Perhaps the former Yorkshire Building Society’s HQ Highpoint, a few hundred metres from the Arndale, also by the John Brunton Partnership (which finally went under in the John Major recession of the early 1990s). Left empty for more than two decades, this is now being repurposed by a private developer as city centre apartments. Or Bradford University, a child of the 1960s ‘plate glass’ universities boom. Harold Wilson himself, despite being a native of West Riding rival Huddersfield, came to open Bradford University as prime minister in 1965. The science-orientated university was adorned by a large external mural by artist Joseph Mayo, reflecting the city’s wool-dyeing technology and history. Only a concerted campaign led by Bradford Civic Society forced the university to stop destroying its own mural in 2021.
Not to be confused with the Arndale Centre is the nearby Arndale House, a Mies van der Rohe-esque 1960s office complex, the only UK work by the US practice which created the Seattle Space Needle, John Graham and Partners. Bradford Council last year agreed to let property developers replace its floor-to-ceiling glazing with hideous PVC windows, ruining its Mad Men lines in one fell swoop of ‘tweaking’. And despite the concerns of the council’s own heritage officers.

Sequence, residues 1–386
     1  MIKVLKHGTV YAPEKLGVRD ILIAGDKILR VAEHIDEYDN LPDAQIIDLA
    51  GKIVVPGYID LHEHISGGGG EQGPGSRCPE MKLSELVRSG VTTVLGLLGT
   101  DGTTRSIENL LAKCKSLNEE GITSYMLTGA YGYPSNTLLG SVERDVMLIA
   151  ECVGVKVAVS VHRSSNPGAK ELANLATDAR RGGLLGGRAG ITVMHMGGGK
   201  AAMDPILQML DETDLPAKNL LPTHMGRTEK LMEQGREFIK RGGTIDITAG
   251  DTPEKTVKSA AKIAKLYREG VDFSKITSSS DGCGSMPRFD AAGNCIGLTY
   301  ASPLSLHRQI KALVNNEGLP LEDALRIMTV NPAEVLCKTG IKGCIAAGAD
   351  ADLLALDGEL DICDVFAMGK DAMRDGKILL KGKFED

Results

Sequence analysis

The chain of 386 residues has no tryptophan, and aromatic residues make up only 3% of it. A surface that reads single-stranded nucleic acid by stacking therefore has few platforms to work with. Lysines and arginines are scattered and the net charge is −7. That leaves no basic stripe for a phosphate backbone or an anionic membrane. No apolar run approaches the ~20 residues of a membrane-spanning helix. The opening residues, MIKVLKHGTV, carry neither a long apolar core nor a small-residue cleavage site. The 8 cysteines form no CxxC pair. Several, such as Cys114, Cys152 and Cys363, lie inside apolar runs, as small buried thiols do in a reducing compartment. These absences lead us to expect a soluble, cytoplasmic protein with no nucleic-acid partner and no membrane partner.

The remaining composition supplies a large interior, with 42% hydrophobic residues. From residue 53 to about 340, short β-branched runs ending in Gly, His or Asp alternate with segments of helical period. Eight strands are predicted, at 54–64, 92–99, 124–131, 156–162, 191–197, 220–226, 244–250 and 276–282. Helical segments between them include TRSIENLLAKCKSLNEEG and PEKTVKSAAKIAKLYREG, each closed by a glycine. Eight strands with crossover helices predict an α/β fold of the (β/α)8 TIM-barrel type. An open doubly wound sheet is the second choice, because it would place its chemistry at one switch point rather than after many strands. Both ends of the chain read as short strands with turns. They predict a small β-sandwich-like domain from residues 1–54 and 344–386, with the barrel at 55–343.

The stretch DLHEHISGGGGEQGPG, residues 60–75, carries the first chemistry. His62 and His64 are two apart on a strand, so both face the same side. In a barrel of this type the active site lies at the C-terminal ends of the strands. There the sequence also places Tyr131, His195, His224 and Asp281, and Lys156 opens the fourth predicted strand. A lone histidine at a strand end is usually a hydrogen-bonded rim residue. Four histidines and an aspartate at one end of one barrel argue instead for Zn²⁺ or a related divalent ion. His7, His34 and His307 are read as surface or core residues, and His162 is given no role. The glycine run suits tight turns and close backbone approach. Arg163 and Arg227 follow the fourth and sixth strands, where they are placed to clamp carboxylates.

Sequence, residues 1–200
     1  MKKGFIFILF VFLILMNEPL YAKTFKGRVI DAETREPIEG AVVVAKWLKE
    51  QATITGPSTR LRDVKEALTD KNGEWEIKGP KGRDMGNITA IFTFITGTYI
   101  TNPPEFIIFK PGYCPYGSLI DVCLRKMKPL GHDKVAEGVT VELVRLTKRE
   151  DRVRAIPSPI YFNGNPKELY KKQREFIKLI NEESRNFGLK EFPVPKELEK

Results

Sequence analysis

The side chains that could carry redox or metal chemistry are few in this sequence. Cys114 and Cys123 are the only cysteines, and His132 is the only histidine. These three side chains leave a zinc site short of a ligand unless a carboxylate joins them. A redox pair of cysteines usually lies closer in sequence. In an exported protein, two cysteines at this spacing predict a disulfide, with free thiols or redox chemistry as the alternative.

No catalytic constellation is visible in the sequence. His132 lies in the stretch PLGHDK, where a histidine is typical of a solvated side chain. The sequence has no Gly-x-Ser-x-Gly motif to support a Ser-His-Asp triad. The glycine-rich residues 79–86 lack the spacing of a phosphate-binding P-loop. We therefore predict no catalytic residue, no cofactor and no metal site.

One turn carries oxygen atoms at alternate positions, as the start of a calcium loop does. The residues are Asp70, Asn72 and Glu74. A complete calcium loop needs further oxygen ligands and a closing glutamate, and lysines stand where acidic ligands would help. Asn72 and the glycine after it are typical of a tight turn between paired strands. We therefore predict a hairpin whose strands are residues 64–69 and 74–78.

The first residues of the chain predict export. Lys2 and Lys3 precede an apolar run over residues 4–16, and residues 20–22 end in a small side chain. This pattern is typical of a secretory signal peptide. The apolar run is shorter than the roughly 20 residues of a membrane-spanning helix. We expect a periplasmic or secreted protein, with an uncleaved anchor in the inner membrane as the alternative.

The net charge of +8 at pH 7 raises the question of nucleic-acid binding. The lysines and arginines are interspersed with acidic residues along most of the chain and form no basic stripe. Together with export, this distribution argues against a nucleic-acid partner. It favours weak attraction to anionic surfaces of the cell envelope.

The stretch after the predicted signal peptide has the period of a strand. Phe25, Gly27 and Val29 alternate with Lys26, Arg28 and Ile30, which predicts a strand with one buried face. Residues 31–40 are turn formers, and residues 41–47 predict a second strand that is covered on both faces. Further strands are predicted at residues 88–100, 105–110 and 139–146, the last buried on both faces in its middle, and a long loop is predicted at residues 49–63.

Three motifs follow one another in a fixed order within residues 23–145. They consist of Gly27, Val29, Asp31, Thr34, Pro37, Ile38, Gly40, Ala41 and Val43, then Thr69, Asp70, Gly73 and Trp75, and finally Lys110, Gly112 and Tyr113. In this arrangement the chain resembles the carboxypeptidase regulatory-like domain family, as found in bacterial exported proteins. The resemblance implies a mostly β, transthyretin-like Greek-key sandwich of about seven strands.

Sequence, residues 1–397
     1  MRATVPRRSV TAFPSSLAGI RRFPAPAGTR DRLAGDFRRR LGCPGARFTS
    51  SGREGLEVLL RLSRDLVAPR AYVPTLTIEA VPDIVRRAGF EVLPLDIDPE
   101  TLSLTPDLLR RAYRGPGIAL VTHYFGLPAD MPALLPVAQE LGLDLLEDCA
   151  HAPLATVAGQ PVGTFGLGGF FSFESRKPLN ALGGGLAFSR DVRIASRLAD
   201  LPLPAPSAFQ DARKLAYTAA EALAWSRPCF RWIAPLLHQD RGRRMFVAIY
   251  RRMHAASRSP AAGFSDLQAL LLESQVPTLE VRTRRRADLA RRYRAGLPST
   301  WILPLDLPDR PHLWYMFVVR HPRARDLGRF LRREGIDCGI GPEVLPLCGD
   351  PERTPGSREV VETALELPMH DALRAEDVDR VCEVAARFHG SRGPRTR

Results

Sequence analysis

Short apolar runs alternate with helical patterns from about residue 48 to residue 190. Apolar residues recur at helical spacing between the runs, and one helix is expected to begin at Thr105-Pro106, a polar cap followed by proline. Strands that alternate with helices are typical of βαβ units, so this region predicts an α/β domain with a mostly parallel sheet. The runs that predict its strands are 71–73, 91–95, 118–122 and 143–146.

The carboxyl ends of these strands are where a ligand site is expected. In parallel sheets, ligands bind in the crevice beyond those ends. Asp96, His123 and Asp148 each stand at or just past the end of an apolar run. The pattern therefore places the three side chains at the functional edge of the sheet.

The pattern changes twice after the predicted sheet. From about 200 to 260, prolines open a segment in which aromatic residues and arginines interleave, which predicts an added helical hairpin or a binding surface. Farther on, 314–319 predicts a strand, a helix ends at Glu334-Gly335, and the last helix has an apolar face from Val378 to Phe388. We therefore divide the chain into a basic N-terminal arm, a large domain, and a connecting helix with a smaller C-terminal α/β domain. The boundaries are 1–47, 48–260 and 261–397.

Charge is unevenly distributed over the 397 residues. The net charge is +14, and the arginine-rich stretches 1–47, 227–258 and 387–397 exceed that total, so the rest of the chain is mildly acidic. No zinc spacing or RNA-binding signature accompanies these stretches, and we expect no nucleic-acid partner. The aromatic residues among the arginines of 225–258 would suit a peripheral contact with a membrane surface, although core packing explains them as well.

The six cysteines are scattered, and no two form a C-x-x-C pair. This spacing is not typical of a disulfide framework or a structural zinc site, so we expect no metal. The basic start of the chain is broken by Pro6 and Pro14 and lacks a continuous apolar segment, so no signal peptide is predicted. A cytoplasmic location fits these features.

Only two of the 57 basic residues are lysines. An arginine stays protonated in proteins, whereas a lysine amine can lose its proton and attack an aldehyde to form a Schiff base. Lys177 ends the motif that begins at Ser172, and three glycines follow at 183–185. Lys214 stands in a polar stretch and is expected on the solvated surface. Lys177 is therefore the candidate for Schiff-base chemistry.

Going further back, there’s the still-optimistic post-Victorian 1930s lines of the decade-long empty Sunwin House, originally the Bradford Co-operative, and the first department store in Britain to echo the works of Weimar Germany’s Erich Mendelsohn. Or the 3,500-seat Bradford Odeon (1930), which the city elders proposed to demolish in the late 1990s—before a grassroots campaign saved it. After standing empty for more than twenty years in the heart of the city, it will now re-open as a live music venue; an achievement the same council now unashamedly trumpets.
But while that non-Bradfordian is in the soon-to-be City of Culture, they may also like to ponder the incredible wealth of surviving Victorian architecture—and the incredible poverty, squalor, and emptiness which now defaces it. No wonder many refer to Bradford as ‘Britain’s Detroit’. Perhaps Bradford Metropolitan Council might like to spend some of that £15.5 million on compulsory purchase orders to bring back these fine Victorian buildings back to life?
Their most obvious use would be simply going ‘Back to the Future’—the solicitors and accountancy firms that were there before, their names often still etched on the first and second-floor windows. But the council has already put all its chips in the 56,000 square foot, £35 million One City Park office complex, with ground broken in May—just in time for the post-Covid work-from-home commercial office downsizing. It’s already being dubbed a white elephant. Instead, a fine and handsome Victorian corner block on Ivegate has just opened its doors as the Merkur Slots gambling centre. Despite best intentions and no doubt a spur to the (temporary) performing arts in the city, this is what the ‘City of Culture’ is actually going to look like in 2025—at least at street level.